two keys to the much improved handling abilities of the X-Runner: chassis
design and sticky tires. The frame features diagonal braces in the front
and an X-brace to reinforce the rear. These
improvements increase the torsional rigidity of the frame and improve
transitional response and overall stability. X-Runner specific springs
are used, including front coils that are 50 percent stiffer than stock.
is lowered one-inch compared to a standard 2WD Tacoma but the actual ride
height is lowered only a half-inch. That’s due to the bigger 255/45R18
Bridgestone Potenza tires installed on 18x8 alloy wheels at all four corners.
The front 30mm anti-roll bar is left alone but the rear receives a 25mm
suspension is also treated to Bilstein 36mm monotube high-pressure gas
shocks and unique bushings that increase roll resistance. Standard brakes
are 10.8-inch discs up front and 10-inch drums in the rear.
brakes seem a little weak when compared to the 12.5-inch discs found on
Tacoma 4x4 models. But TRD has a “big-brake” kit that offers
13-inch discs with 4-piston calipers made just for the X-Runner. My test
vehicle didn’t have these massive binders but I did drive a big-brake
X-Runner briefly at the press introduction and was very impressed with
the stopping ability and looks.
The X-Runner has also grown considerably with new generation of Tacos,
especially when compared to the old S-Runner. The X-Runner’s wheelbase
is 127.2 inches, up from 121.9 inches while the track width grew from
57.1 inches to 62.2 inches. With that large footprint, handling is sure
to improve. But the weight also went up from a svelte 3190 pounds in the
old S-Runner to a sweltering 3690 in the new X-Runner. Horsepower was
Motivating the X-Runner is the 1GR-FE DOHC V6 engine rated at 245 horsepower
with peak torque of 282 lb-ft. The engine block is aluminum but the steel
cylinder liners are cast-in-place. This engine made its first appearance
in the 2004 4Runner and is also the base engine in the Tundra. Notable
features include variable valve timing and electronic throttle control.
Toyota also tuned the exhaust for a more aggressive note.
The RA60 6-speed manual is an all-new design. In other words, Toyota
didn’t just tack 5th and 6th gear on the back of an existing 4-speed.
First gear is a neck-snapping 4.17:1 and the 0.85:1 overdrive helps with
mileage. The tranny is also built for the Tundra. Too bad it’s not
built for the Celica GTS. Okay, I know the Celica is front-wheel-drive,
but my point is that the X-Runner’s transmission has room for improvement
in shifting speed and smoothness if it’s going to feel like a sports
car. Heel-toe operation was a little awkward but it’s not a good
idea to have truck pedals in close proximity. Power is eventually sent
to a limited-slip rear differential that holds 3.15:1 gears.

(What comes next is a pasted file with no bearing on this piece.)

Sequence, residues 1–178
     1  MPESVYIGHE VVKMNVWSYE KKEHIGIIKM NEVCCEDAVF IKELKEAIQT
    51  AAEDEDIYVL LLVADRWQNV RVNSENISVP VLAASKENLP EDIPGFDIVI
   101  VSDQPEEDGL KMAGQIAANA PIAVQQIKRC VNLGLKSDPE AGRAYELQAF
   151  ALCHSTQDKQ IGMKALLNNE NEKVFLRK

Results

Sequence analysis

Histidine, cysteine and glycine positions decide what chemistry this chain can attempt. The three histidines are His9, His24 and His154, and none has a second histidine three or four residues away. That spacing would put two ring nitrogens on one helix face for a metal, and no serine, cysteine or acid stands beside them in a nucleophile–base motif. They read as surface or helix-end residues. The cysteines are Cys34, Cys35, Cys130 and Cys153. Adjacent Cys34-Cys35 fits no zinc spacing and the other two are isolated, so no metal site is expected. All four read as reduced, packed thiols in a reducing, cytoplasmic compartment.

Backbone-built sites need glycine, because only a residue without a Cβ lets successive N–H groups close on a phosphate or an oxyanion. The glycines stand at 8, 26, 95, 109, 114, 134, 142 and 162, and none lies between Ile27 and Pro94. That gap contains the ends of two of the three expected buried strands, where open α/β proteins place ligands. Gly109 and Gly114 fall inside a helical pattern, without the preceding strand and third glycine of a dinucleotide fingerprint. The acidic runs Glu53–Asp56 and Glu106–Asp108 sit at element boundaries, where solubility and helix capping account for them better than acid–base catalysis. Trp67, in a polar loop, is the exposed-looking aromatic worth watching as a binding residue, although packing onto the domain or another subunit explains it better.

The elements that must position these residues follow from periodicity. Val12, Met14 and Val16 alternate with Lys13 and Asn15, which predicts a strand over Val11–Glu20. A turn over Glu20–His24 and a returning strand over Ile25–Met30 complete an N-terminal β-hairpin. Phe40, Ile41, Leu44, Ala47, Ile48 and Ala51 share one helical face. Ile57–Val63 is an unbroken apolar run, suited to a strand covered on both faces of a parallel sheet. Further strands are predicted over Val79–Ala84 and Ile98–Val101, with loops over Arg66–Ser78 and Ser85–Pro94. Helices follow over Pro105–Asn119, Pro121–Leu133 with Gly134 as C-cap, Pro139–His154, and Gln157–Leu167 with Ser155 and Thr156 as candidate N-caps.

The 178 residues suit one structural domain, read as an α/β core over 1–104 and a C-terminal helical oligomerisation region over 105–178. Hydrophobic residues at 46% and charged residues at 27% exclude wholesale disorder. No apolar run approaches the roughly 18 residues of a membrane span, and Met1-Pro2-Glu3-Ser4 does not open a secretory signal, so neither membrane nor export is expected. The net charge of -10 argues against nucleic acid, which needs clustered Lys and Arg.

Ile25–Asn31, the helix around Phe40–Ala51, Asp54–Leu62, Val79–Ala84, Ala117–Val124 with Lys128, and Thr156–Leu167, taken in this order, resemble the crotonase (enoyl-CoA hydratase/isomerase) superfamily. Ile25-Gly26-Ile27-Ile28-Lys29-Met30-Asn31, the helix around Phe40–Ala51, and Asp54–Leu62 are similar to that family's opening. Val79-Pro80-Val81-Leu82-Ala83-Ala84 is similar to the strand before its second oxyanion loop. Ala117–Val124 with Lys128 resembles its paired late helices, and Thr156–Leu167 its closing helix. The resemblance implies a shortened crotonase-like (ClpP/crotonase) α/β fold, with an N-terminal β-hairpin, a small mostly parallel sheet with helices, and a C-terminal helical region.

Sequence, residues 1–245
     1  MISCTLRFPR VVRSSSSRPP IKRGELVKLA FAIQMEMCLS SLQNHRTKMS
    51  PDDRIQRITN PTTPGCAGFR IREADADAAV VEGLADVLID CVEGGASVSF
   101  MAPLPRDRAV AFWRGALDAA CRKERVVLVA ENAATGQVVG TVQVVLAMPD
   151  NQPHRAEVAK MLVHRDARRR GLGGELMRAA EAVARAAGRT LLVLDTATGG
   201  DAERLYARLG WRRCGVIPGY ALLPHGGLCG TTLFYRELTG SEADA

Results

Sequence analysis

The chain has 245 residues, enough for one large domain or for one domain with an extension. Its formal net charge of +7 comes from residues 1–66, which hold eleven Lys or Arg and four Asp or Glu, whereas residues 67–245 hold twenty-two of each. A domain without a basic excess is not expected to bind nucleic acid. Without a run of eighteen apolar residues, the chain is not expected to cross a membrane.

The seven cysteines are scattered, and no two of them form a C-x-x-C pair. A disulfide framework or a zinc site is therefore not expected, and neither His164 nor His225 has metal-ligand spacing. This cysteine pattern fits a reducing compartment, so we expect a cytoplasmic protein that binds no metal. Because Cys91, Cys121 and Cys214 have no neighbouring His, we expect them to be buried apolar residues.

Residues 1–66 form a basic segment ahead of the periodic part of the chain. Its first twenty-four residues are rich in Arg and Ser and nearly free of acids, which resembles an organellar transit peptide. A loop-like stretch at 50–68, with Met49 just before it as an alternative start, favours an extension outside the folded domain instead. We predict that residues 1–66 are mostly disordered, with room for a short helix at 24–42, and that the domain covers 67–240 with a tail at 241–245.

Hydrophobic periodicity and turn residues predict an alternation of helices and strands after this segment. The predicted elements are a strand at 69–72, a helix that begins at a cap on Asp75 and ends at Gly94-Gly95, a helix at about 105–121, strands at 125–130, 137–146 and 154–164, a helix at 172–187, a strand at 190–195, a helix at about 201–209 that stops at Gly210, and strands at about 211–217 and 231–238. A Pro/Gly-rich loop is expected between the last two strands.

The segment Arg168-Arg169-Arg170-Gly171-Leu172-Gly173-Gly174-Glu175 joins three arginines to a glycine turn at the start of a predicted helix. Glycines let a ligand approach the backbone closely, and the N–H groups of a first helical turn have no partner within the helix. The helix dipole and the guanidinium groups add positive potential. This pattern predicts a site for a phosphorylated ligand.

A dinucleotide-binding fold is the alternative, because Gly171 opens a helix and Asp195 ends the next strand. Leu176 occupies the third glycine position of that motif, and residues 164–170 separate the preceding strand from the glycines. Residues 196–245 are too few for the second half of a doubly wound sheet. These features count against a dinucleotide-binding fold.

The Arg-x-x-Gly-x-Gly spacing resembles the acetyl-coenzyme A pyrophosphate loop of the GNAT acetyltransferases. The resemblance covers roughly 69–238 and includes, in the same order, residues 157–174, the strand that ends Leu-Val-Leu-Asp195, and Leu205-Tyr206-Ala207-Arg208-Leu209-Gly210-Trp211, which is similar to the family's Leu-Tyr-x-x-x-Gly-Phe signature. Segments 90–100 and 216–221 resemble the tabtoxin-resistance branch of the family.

From a styling
standpoint, Toyota certainly made sure the X-Runner stood out from the
Tacoma line and any other sport truck in or out of this world. Body bolt-ons
include a front spoiler, hood scoop, fender flares, rocker-panel extensions
and a rear spoiler. To be honest, the blacked-out grilles don’t
do much for me. They look like some kind of space-invader costume. While
a pure monochromatic look may give the impression Toyota designers forgot
about masking tape in the paint booth, it does offer a cleaner appearance.
And someone has to do something about that wimpy hood scoop.
The interior meets most expectations, especially seat comfort and noise
isolation. The tilt/telescoping steering wheel is great for securing the
best seating position. I find the dash layout uninspired but effective.
My biggest complaint is the lack of availability of the JBL sound system
that can be found in the Tacoma Double Cab. The X-Runner is obviously
intended for the younger generation but the 270-watt stereo with the 8-inch
subwoofer isn’t offered. I guess Toyota thinks this buyer is more
likely to install a booming aftermarket sound system anyway, so why engineer
the Access Cab for the extra speaker.
The pickup bed features the same composite inner liner found on other
Tacomas. The X-Runner also has the 115-volt power outlet in the cargo
area that is optional on other models. Not that the X-Runner is built
for hauling. The GVWR of 4600 pounds is down from the standard 4850 on
a regular 2WD Access Cab and 5250 on the 2WD PreRunner Access Cab. Max
payload is listed at 910 pounds versus 1535 on the PreRunner. Towing capacity
is 3500 pounds, compared to 6500 pounds available with the PreRunner.
it’s been about 15 years since I drove a pickup in an SCCA-sanctioned
amateur solo event, I would love to return to action in an X-Runner. I’m
not sure what class it would race, but I did notice a provision in the
rules that allow the event coordinators to ban vehicles with a wheelbase
longer than 116 inches at their discretion. The X-Runner certainly has
the potential to upset unsuspecting sports cars. Guess they’re worried
about the embarrassment.